- Ambedkar and Women’s empowerment.
- Construction of social movements India: Influence of Ambedkar’s ideology, symbols and images.
- Annihilation of caste: Interpretation in the present context
- Ambedkar and Egalitarian Revolution: Lessons in inclusion for state and civil society.
- Ambedkar’s vision and way forward
The seminar will be held 19th and 20th of March, 2016 at Mahatma Gandhi Labour Institute (MGLI), Ahmedabad, Gujarat. Ahmedabad is a well developed city of Gujarat. It is well connected by rail and air network to the rest of India. The MGLI campus is about 14 Kms from Sardar Vallabhbhai Patel International Airport and 11 kms from railway station. From any point in the Ahmedabad city, come to Manav Mandir The campus is within 100 metres from Manav Mandir.
Submission of Papers
All contributors should submit their abstract in soft copy, with short CV and passport sized photograph to the following email address: firstname.lastname@example.org with a copy to email@example.com and firstname.lastname@example.org Abstracts of all the papers accepted will be published and distributed among the participants. The paper ideally should not exceed 10,000 words limit (including tables and appendices). Selected papers will be published as a volume.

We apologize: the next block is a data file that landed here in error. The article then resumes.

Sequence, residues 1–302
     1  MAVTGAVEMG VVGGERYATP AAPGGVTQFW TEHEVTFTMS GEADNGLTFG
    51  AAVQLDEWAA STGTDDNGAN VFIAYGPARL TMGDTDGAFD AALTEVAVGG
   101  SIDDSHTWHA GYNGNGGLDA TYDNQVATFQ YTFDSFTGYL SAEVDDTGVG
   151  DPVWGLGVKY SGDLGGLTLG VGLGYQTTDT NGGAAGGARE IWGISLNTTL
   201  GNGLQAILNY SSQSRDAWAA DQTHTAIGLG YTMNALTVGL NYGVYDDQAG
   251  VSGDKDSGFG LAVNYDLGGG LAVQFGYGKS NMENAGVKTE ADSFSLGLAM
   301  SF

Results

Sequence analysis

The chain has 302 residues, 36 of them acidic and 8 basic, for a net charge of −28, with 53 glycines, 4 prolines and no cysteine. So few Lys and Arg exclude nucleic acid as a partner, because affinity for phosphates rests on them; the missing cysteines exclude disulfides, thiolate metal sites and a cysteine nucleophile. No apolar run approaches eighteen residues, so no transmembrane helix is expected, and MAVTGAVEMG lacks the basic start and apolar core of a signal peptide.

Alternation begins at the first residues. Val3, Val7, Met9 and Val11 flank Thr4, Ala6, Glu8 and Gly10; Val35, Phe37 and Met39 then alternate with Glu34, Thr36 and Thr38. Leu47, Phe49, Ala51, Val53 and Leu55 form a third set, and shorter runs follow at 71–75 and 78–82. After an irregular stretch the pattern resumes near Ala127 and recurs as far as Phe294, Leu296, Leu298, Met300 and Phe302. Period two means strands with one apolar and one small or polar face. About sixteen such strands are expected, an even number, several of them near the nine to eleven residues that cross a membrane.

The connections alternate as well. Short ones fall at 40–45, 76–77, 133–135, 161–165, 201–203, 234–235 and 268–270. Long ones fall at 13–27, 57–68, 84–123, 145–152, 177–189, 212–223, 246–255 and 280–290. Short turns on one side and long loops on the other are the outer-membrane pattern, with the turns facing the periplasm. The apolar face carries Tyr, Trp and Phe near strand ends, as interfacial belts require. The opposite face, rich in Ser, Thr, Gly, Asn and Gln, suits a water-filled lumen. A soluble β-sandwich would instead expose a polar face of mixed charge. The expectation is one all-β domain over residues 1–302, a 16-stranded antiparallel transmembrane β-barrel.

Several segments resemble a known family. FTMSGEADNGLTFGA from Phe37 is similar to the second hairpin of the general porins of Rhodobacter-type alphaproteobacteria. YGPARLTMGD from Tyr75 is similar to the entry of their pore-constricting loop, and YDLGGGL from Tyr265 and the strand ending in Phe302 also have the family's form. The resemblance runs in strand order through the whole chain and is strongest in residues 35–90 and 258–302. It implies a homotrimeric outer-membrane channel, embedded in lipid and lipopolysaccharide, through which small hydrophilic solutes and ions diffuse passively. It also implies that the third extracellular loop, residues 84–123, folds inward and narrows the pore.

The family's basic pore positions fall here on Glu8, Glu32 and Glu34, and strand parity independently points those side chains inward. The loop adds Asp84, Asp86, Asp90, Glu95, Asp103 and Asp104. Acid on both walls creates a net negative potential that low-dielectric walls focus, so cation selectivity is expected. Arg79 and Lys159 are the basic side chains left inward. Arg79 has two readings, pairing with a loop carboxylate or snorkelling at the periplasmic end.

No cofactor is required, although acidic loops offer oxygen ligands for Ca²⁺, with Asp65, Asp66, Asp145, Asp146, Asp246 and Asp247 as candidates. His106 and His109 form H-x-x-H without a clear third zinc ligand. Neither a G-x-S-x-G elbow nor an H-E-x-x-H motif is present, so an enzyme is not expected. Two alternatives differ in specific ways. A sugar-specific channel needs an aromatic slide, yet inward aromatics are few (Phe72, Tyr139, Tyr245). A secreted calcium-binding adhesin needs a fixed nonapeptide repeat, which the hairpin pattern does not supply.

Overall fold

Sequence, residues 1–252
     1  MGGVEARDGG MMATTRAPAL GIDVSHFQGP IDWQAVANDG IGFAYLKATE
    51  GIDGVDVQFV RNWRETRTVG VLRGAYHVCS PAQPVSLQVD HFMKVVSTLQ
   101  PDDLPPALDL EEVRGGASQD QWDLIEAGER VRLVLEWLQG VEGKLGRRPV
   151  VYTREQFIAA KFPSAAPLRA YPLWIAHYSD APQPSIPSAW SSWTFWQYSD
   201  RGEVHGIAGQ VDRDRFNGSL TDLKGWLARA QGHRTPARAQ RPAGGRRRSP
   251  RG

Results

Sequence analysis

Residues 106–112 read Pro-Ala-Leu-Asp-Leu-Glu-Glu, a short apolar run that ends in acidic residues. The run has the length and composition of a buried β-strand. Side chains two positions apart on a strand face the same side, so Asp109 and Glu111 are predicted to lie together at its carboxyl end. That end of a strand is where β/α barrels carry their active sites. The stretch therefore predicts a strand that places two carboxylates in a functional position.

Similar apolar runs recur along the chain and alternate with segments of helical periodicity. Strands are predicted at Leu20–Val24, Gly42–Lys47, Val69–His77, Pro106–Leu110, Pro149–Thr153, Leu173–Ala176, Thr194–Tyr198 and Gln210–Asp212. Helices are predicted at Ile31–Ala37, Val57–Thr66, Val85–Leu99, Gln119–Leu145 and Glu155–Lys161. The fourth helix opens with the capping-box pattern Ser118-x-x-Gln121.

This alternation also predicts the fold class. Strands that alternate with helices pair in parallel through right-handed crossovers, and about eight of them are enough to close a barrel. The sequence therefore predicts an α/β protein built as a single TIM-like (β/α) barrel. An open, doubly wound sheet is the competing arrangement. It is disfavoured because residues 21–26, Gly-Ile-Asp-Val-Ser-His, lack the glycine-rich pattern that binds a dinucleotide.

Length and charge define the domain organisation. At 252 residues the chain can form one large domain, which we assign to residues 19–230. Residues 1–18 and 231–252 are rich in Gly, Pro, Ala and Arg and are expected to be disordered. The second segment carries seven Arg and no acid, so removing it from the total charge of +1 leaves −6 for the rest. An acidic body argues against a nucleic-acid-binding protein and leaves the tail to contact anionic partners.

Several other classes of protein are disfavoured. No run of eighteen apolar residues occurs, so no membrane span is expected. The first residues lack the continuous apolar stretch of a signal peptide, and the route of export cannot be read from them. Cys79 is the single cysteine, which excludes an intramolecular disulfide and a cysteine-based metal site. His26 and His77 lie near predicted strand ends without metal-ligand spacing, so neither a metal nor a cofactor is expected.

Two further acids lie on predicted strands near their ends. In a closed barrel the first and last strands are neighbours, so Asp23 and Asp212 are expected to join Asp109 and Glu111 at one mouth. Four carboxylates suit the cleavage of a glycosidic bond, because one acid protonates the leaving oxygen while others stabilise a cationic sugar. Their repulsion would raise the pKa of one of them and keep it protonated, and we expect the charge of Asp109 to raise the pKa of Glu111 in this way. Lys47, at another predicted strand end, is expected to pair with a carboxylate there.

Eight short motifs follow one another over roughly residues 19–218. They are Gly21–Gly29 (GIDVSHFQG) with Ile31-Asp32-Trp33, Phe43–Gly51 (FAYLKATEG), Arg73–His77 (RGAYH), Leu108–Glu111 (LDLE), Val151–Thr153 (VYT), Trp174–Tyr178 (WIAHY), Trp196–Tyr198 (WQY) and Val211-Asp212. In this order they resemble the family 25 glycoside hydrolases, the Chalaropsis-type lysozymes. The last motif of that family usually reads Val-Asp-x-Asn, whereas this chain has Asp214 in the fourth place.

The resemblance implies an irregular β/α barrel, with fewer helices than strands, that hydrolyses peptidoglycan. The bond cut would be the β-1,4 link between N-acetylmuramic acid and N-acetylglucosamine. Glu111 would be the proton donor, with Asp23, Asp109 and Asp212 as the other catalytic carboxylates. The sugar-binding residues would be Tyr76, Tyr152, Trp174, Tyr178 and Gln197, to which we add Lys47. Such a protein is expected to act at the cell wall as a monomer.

Last date for receipt of Abstracts : 28th February, 2016
Last date for receipt of full length Papers : 10th March, 2016
Travel Support and Accommodations
Travel (economy class airfare/1st AC and 2nd AC/ 3rd AC by shortest route) in India will be provided to invited Speakers/Professors and Paper Presenters/Freelancers respectively. Accommodation will be at the institute’s guest house and nearby hotels.
Dr Shailendra Prasad Thakur, Assistant Professor,
Mahatma Gandhi Labour Institute, Ahmedabad
Dr Ayanendu Sanyal, Assistant Professor,
Mahatma Gandhi Labour Institute, Ahmedabad